With free agency on tonight's horizon and several well-known receivers believed to be in the sites of the Minnesota Vikings, we spent time at last week's NFL Combine getting Cosell's thoughts on them.
Here is his valued opinion on them:
"He'll make a lot of money because he's probably the best receiver out there because he gives you the vertical threat," Cosell said. "See, D.J. Hackett doesn't you the vertical threat and he's the other (top free-agent) receiver. Berrian is the vertical receiver and he can give you the home run threat. I think Berrian – in the right offense, and obviously the Bears because they had so much inconsistency at every position, that's not the right offense for him – I think in the right offense, he can be the guy that gets you 65 catches, 1,100 yards, nine touchdowns."
Considering the Vikings' top receiver last year, Bobby Wade, had 647 yards as a slot receiver, the Vikings could use Berrian's kind of production downfield. It might also take some of the heat off of running back Adrian Peterson, who saw more eight- and nine-man defensive fronts late in the season.
Last year, Berrian had the best of his four NFL seasons, catching 71 passes for 951 yards and five touchdowns. It was a continuation of what he really started in 2006, when he had 51 catches for 775 yards and six touchdowns. His first two seasons in the league provided minimal results.
Still, Cosell isn't sure Berrian is the best fit for the Vikings' offense.
"I don't think he's a West Coast receiver. The other sort of offense in the league is the Don Coryell hybrids, which are more vertical. I think he's more a guy who fits that because he's really a deeper receiver," Cosell said. "Hackett is more of a West Coast guy, and that's what he's grown up with – he's with Seattle. I think Hackett thrives in a West Coast (offense). Now, of course, he's got the injury problem, the durability issue. But I think if he was a starter in a West Coast offense for 16 games, I think D.J. Hackett is a very solid receiver."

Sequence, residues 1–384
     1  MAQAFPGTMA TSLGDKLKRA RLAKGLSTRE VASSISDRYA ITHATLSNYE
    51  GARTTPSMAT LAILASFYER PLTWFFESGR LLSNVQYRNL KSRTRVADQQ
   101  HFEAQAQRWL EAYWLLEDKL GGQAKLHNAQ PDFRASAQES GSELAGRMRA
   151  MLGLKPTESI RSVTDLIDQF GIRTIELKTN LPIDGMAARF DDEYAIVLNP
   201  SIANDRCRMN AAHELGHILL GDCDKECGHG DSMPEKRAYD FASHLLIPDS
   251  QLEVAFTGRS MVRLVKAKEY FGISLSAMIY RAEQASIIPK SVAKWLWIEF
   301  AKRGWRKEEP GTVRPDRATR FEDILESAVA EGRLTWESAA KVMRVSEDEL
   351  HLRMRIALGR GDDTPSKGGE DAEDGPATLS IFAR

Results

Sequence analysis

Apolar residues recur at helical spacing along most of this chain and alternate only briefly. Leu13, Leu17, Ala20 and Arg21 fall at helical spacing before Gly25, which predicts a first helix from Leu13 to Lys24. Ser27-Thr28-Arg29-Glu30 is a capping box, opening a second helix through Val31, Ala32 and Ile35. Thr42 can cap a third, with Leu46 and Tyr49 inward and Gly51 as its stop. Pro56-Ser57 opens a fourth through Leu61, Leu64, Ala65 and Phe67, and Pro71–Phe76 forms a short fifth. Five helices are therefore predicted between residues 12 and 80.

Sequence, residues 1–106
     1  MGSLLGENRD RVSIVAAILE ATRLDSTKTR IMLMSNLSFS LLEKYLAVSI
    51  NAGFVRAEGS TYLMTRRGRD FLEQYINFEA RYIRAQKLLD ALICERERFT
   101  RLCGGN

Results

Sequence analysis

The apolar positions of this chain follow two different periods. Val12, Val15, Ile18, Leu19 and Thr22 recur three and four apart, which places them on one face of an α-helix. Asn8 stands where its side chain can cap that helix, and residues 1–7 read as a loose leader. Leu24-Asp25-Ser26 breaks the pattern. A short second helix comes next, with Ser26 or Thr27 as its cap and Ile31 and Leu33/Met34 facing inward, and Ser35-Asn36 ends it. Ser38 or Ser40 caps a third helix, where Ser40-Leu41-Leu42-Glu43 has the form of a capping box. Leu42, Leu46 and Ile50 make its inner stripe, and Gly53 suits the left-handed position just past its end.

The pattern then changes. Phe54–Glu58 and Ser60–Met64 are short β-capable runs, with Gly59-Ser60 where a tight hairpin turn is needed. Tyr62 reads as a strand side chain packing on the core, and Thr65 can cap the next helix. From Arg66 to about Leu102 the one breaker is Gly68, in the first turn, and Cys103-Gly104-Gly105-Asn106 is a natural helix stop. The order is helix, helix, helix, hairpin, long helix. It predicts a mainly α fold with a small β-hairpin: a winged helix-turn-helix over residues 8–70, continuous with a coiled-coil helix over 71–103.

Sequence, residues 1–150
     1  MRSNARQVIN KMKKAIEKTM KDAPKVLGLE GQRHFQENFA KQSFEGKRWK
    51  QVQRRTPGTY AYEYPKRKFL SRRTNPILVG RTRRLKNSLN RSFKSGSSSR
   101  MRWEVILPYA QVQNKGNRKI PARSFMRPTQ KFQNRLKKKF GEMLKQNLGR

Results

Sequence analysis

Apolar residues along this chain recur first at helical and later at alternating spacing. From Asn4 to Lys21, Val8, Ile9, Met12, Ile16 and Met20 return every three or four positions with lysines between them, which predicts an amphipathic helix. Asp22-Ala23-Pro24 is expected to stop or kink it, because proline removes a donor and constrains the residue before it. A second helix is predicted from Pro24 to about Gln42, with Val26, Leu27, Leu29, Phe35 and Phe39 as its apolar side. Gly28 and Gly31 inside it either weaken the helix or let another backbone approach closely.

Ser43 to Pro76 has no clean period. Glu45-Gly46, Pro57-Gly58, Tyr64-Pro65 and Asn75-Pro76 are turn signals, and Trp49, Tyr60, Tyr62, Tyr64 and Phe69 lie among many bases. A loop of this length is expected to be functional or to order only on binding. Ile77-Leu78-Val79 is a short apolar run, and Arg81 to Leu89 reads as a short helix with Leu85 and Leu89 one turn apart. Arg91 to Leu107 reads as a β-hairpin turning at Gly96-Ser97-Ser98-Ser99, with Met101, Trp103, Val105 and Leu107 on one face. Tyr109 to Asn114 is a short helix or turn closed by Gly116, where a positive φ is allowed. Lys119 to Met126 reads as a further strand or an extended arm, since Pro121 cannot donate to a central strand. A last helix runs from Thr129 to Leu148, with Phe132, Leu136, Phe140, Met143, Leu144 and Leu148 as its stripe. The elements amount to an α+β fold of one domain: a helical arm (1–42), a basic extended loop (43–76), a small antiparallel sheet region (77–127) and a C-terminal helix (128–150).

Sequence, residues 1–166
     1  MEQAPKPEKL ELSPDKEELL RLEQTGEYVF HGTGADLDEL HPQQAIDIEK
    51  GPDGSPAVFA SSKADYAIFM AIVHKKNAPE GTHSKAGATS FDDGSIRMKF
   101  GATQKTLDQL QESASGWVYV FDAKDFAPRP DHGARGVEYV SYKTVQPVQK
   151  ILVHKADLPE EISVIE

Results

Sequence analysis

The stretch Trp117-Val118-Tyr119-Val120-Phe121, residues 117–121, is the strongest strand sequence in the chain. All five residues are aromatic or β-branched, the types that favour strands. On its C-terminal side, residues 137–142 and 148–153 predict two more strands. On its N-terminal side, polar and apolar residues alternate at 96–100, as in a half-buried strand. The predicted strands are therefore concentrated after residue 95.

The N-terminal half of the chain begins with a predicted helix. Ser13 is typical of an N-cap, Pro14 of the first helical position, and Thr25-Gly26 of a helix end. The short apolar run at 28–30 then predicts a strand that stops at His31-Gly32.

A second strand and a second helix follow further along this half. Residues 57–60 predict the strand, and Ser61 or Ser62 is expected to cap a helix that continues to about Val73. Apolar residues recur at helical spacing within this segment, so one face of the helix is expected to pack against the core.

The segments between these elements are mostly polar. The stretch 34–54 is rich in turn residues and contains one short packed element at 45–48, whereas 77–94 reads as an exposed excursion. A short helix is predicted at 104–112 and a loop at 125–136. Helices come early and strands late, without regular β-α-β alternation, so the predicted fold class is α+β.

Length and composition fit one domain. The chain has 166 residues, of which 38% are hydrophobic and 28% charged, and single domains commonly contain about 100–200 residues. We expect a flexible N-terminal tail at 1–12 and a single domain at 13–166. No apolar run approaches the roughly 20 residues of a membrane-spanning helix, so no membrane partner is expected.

The Vikings are believed to view Hackett as too similar in skills to Sidney Rice to make a run at Hackett in this year's free agency.
"I think Berrian will get the most money for one simple reason – he's a home-run hitter," Cosell said.
"Bryant Johnson was a first-round pick, too, which is interesting. Bryant Johnson is a guy who has never quite played to his physical abilities. I think he runs well. He's probably got some inconsistent hands. I think maybe in another system he's got a chance. When I say a chance, again, he's not going to be the guy, but he has a chance to put up better numbers," Cosell said. "Here's what you have to understand in the NFL: Throwing the football is really paramount, so guys putting up numbers in offenses doesn't automatically mean they're great receivers. We just live in a passing world now where a lot of guys can put up numbers. I think Bryant Johnson in the right system can put up numbers. That's not going to make him Terrell Owens, Steve Smith, Chad Johnson, Torry Holt."
The numbers Johnson put up in Arizona would have made him the Vikings' second-most productive receiver last year. In 2007, Johnson had 46 receptions for 528 yards and two touchdowns. In 2006, he had 40 catches for 740 yards and four touchdowns. In five seasons with the Cardinals, he has 210 receptions for 2,675 yards and nine touchdowns.
In six seasons in the NFL, Davis has played for the Cleveland Browns, New England Patriots, Buffalo Bills and Houston Texans – spending one season each with the last three teams. He has never had more than the 40 receptions he mustered in 2003, but last year he had 583 yards on 33 catches, an impressive 17.7-yard average. He hasn't had more than three touchdowns since 2003.
"I think Andre Davis has played long enough to be what he is. He's not a complete receiver. He's a vertical receiver that still has good speed. He's a very inconsistent receiver," Cosell said. "His return ability gives him added value, but as a receiver he's probably your fourth guy. He's been in the league too long with too many teams. If he was going to be a great player – when I say great, we know he's not going to be a Steve Smith – but if he was going to be a consistent receiver for a good team, that would have happened already. He's been with … I would guess four or five teams."
Davis' return ability has been use sporadically. Last year, he had 32 kickoff returns for 968 yards (a 30.3-yard average) and three touchdowns – all impressive numbers. But the previous three seasons, he returned only nine kickoffs combined. His first two seasons in the league, he combined for 88 kickoff returns.
The flavors of free agency are very different at receiver, but the Vikings have a chance to upgrade to varying degrees.